Vendors have to be flexible, too, and be able to provide the right insights at the right time for the task at hand. While technology turnovers are inevitable as new capabilities and standards move through the market, healthcare providers are looking for products that can carry them through at least a few years of turmoil without requiring a complete overhaul.
Healthcare providers can help themselves make the right choices by having a solid strategic vision for their organization over the next three to five years as meaningful use winds down and accountable care heats up. Providers may wish to ask themselves:
- How will I tackle population health management and the increasingly expensive proposition of caring for patients with complex chronic disease needs? Will our patient demographics change significantly over the next few years? How can we be proactive about addressing their needs?
- How will the shift to value-based reimbursement drive the need for improved operational efficiencies within my organization, and how do I think big data will help?
- What data exchange and interoperability capabilities do I need to ensure care coordination across the continuum? How can my business partners and I work together to bring data-driven healthcare insights to our community?
- What patient safety and care quality goals are we hoping to meet? How can gaining deeper insights into our clinical care produce better patient outcomes?
- What revenue cycle management issues do we need to address? Can we turn patient behavior data into better collections, or will an investment in preventative care keep high-cost services to a minimum?
- How can we improve our data integrity and data governance to maximize our investment in healthcare big data analytics? Do we need to retrain our EHR users, hire more health information management professionals, or build a dedicated team of data scientists?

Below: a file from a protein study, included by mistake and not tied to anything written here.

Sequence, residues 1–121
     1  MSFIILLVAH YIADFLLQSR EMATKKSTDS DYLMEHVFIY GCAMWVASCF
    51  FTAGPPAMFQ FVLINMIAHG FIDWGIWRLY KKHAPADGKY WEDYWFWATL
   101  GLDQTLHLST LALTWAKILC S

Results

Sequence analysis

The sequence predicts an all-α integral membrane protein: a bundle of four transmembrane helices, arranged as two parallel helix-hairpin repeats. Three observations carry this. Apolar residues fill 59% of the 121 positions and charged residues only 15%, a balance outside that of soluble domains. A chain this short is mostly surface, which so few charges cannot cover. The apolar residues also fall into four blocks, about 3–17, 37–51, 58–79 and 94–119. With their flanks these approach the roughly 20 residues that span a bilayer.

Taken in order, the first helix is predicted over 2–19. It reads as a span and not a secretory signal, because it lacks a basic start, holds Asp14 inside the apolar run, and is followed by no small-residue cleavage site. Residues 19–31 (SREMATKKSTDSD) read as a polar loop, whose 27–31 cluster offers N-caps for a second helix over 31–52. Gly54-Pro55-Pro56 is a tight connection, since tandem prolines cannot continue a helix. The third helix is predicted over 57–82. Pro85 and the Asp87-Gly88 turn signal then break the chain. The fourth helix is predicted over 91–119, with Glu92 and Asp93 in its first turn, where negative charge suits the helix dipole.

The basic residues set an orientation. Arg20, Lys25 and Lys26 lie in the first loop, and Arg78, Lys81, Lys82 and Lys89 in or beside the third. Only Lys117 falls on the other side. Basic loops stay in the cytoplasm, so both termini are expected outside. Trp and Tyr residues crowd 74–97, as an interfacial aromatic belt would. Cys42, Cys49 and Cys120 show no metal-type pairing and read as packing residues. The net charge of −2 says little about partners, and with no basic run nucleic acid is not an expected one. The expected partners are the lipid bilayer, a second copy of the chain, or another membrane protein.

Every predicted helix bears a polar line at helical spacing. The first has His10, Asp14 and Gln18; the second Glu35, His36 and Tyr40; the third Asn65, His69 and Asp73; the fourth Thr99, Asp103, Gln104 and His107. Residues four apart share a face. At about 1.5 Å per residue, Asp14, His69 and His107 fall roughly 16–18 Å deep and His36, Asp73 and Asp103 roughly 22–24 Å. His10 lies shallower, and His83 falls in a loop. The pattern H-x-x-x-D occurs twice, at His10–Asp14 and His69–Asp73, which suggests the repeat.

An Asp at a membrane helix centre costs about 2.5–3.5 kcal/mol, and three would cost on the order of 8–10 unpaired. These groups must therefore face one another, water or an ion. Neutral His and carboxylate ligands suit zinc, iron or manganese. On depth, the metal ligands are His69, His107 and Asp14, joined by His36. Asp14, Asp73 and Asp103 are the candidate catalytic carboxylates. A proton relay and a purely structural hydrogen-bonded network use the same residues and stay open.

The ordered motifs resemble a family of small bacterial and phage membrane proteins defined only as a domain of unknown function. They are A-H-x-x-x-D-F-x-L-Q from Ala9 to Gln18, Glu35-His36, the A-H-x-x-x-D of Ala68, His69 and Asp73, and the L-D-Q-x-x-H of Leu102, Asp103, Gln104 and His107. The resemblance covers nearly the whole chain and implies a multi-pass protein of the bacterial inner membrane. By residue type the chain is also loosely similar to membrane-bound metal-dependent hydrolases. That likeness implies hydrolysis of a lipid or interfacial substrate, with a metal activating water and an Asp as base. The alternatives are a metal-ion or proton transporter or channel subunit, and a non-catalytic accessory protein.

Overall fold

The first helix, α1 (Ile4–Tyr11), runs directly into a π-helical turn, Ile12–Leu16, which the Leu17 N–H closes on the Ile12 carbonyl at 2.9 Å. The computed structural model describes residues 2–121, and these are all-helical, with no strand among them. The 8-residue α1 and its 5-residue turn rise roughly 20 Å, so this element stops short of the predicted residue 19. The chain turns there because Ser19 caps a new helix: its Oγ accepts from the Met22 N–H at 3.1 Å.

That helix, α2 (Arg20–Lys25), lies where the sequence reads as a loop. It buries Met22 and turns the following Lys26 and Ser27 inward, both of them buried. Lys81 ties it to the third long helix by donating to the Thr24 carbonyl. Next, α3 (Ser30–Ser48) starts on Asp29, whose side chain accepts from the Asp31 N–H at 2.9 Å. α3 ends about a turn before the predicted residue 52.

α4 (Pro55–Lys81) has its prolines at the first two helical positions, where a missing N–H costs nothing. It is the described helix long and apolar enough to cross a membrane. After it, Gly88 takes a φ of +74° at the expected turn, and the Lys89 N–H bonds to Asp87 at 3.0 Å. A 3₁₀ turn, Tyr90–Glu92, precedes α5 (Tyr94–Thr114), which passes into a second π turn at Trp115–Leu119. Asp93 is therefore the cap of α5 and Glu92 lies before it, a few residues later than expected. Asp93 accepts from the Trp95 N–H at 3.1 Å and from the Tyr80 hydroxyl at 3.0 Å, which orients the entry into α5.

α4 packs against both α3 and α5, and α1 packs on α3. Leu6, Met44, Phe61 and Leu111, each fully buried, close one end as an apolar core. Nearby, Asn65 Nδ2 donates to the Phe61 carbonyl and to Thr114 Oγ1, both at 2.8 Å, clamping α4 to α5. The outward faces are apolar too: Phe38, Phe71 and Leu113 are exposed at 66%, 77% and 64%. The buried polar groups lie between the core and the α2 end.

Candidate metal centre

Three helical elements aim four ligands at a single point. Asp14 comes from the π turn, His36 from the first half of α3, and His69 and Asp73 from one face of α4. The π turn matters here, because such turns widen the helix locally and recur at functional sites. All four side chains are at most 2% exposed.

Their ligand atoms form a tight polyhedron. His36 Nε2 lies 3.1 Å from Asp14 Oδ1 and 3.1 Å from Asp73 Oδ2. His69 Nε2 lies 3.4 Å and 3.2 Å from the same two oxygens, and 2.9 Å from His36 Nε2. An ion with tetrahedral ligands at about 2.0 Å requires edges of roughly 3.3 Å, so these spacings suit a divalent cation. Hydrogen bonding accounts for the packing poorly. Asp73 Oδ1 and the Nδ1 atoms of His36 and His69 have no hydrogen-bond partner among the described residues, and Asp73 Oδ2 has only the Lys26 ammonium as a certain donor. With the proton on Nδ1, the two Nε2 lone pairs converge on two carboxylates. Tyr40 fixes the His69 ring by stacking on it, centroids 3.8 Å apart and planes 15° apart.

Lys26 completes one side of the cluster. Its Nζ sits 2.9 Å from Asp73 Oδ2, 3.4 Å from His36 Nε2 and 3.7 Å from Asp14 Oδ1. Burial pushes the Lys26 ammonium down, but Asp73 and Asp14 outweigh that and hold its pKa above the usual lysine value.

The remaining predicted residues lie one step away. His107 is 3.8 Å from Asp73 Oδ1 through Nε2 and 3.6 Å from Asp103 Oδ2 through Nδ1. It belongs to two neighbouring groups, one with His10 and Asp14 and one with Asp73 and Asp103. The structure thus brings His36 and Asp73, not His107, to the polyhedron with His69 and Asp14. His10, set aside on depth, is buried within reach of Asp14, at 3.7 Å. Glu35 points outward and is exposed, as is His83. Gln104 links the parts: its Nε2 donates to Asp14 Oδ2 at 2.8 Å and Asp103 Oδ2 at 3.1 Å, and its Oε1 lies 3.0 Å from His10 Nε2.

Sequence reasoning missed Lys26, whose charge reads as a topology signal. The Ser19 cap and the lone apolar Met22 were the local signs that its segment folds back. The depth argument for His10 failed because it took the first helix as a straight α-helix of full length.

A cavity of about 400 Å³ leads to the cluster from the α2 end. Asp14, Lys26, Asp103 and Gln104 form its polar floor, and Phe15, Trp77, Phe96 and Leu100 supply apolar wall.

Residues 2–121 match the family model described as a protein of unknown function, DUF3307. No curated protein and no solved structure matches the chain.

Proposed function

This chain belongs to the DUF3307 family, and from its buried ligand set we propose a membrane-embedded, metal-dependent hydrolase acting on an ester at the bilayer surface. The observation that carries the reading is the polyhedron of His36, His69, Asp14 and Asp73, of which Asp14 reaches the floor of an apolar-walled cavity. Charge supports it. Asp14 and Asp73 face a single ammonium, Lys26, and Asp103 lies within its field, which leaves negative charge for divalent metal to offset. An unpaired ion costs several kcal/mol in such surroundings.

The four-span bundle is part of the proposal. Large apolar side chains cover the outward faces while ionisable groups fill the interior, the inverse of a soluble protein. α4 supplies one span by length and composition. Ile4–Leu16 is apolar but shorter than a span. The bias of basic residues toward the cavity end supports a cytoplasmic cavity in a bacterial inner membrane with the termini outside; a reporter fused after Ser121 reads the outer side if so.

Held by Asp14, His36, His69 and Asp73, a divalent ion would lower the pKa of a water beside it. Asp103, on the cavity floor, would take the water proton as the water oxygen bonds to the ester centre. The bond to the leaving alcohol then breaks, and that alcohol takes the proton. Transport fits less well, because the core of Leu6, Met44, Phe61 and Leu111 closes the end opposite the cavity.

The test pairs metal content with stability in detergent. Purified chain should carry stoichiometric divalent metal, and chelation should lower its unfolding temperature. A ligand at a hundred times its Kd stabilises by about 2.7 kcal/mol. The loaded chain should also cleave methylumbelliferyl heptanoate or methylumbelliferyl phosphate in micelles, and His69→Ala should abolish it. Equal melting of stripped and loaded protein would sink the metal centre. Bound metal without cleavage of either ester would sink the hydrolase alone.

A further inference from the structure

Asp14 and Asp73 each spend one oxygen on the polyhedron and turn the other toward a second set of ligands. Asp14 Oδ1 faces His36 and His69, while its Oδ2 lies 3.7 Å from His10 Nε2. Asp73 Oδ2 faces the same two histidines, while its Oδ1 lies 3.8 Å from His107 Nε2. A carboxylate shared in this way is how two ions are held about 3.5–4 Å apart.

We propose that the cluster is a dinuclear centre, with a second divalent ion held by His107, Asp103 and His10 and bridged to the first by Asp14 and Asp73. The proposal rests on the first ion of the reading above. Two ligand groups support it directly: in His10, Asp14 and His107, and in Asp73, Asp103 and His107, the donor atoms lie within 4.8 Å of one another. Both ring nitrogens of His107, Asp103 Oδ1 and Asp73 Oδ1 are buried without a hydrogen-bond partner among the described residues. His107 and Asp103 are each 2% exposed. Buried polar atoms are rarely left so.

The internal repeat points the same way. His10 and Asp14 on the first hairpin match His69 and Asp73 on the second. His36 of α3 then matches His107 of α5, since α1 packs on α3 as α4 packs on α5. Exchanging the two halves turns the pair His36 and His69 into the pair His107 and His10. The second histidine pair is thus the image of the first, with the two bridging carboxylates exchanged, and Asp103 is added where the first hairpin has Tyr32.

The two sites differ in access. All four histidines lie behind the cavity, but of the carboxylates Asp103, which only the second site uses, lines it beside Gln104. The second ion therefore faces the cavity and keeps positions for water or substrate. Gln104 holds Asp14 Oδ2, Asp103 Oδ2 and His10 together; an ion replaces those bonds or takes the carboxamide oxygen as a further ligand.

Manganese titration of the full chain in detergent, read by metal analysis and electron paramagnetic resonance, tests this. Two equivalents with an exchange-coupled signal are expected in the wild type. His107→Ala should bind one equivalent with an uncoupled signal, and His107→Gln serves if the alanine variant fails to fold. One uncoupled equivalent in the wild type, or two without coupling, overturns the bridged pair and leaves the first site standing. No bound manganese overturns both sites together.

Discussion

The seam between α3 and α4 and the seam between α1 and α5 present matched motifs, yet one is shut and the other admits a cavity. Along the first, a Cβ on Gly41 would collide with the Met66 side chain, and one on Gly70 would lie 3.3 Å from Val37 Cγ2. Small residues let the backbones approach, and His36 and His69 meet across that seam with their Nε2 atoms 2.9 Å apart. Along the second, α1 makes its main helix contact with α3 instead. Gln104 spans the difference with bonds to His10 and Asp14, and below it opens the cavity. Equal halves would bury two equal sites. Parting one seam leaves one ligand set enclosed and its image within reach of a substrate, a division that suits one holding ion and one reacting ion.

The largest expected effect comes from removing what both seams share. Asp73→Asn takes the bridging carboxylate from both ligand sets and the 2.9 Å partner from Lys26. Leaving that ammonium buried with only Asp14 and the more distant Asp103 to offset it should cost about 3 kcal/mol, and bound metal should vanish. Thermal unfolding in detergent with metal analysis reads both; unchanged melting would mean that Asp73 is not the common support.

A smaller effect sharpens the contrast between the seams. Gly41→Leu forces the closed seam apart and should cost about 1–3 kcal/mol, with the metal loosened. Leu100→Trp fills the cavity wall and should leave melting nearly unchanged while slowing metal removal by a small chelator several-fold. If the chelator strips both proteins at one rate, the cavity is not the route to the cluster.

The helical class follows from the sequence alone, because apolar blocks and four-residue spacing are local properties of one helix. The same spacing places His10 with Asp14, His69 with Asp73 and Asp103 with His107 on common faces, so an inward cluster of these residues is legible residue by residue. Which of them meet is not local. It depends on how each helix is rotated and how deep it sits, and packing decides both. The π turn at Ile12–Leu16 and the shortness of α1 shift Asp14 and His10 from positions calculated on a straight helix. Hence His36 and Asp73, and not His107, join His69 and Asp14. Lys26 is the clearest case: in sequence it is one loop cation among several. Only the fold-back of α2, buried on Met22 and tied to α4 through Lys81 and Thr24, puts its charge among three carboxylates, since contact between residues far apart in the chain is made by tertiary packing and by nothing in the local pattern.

Healthcare big data analytics is such a rapidly expanding field that capabilities that seem commonplace today didn’t exist five years ago, and will probably be outdated five years from now. But understanding your organizational objectives will help you make the best possible decisions with the information available at the moment, and hopefully set up your big data program for long-term future success.
Choosing the right vendor is a critical component of seeing the benefits of big data, and providers should not underestimate the degree to which open communication during this type of ongoing partnership will be required.
After thoroughly considering how a technology purchase will impact their goals, providers should look for stable, responsible, capable, and innovative vendors that offer high quality products with transparent, reasonable pricing structures if they wish to be pioneers in the field of big data.